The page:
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FTSE 100 mirrors the UK stock market

For domestic and international investors alike, the FTSE 100 is one of the most familiar global share indexes.

The FTSE 100 was launched on January 3, 1984 at an index level of 1000. From its start, the FTSE 100 introduced a revolutionary feature—minute by minute price updates—that allowed UK investors to experience the equity market’s changing fortunes almost instantaneously. (Earlier indexes were calculated only monthly or, at best, hourly).

With advances in technology and changes in stock market practice, the FTSE 100 was soon calculated every 15 seconds and is now calculated effectively in real time, with each price change in its constituents reflected instantaneously in the index’s value. New types of financial product, such as index-tracking exchange traded funds (ETFs), have evolved hand-in-hand with the shift to real-time index updates.

This continuous process of changing FTSE 100 index values has now gone on uninterrupted for over three decades during London Stock Exchange trading hours, with one exception.  On Friday October 16, 1987 hurricane force winds caused such devastation around London that not enough market makers made it to work to quote share prices via the Stock Exchange’s SEAQ trading system.

Since its introduction, the FTSE 100 has also witnessed important changes in its methodology, most notably the adjustment of constituents’ index weightings by an investability (or “free float”) factor from 2001 onwards.

During a time of rapidly rising popularity of index-based investment products, free float adjustment helped avoid potential price distortions in index constituents with a limited proportion of their share capital available for public trading.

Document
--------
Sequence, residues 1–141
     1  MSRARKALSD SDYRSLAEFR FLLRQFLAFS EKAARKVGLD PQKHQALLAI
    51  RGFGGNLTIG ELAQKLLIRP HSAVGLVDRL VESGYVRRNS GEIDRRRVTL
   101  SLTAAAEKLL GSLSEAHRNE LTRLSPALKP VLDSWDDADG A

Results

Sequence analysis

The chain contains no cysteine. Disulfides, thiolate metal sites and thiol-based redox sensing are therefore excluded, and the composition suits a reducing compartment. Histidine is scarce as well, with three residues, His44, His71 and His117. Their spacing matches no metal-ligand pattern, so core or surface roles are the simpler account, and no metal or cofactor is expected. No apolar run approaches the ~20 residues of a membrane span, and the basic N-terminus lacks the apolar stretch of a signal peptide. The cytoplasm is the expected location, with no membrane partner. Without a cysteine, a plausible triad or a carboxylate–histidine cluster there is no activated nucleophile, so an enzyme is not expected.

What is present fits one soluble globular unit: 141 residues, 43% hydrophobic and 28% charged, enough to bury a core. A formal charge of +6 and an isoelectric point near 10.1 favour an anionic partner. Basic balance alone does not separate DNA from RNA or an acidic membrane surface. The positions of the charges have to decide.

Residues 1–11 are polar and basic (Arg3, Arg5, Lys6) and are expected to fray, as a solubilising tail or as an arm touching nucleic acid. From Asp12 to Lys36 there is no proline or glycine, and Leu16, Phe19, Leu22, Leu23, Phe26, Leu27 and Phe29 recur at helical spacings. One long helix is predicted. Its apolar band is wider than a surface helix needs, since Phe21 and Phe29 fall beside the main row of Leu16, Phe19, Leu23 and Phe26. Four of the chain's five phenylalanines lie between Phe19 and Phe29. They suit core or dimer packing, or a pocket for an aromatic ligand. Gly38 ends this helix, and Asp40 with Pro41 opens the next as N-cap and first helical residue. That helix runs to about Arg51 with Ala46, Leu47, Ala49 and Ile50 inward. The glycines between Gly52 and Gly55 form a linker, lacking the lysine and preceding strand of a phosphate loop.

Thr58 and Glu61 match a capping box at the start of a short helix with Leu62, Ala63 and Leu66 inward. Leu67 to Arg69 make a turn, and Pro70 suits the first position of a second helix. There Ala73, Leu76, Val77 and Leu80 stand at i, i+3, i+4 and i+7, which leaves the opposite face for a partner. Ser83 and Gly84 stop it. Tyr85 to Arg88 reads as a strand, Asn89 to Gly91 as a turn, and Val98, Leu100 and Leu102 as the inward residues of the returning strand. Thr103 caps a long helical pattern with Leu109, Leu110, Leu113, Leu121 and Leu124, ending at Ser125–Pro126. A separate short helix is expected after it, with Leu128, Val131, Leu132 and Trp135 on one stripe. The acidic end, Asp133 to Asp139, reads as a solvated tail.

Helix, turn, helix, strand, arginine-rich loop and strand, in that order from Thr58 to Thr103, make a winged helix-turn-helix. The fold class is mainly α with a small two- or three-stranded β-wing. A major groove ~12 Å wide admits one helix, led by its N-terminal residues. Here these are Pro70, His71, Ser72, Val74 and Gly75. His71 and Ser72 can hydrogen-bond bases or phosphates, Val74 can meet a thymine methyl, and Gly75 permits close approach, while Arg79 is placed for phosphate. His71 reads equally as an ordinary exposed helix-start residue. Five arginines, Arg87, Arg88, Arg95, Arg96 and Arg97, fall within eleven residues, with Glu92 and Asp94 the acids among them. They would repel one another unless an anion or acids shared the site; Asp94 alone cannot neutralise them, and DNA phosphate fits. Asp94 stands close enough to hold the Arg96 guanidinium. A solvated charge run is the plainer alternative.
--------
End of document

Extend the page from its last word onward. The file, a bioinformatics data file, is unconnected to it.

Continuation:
On March 20, 2015, the FTSE 100 crossed the psychologically important 7,000 threshold. The previous record was fifteen years old, with an index level of 6,930.2 recorded on 30 December 1999 during the “dot-com” share market boom.

The FTSE 100 since Inception

Source: FTSE, 31/12/1983-11/03/2015. Past performance is no guarantee of future returns.

Understandably, it’s such records, as well as the more mundane daily index movements, that form the basis of most share market news reports.

But over the 31 years since its launch, it’s arguably the subtle, less noticed changes that have helped the FTSE 100 to serve its primary purpose—holding a mirror to the evolving UK share market.



© 2015 London Stock Exchange Group companies.

London Stock Exchange Group companies includes FTSE International Limited (“FTSE”), Frank Russell Company (“Russell”), MTS Next Limited (“MTS”), and FTSE TMX Global Debt Capital Markets Inc (“FTSE TMX”). All rights reserved.

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Neither the London Stock Exchange Group companies nor any of their licensors make any claim, prediction, warranty or representation whatsoever, expressly or impliedly, either as to the results to be obtained from the use of the FTSE Russell Indexes or the fitness or suitability of the FTSE Russell Indexes for any particular purpose to which they might be put.

The London Stock Exchange Group companies do not provide investment advice and nothing in this communication should be taken as constituting financial or investment advice. The London Stock Exchange Group companies make no representation regarding the advisability of investing in any asset. A decision to invest in any such asset should not be made in reliance on any information herein. Indexes cannot be invested in directly. Inclusion of an asset in an index is not a recommendation to buy, sell or hold that asset. The general information contained in this publication should not be acted upon without obtaining specific legal, tax, and investment advice from a licensed professional.

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Past performance is no guarantee of future results. Charts and graphs are provided for illustrative purposes only. Index returns shown may not represent the results of the actual trading of investable assets. Certain returns shown may reflect back-tested performance. All performance presented prior to the index inception date is back-tested performance. Back-tested performance is not actual performance, but is hypothetical. The back-test calculations are based on the same methodology that was in effect when the index was officially launched. However, back-tested data may reflect the application of the index methodology with the benefit of hindsight, and the historic calculations of an index may change from month to month based on revisions to the underlying economic data used in the calculation of the index.


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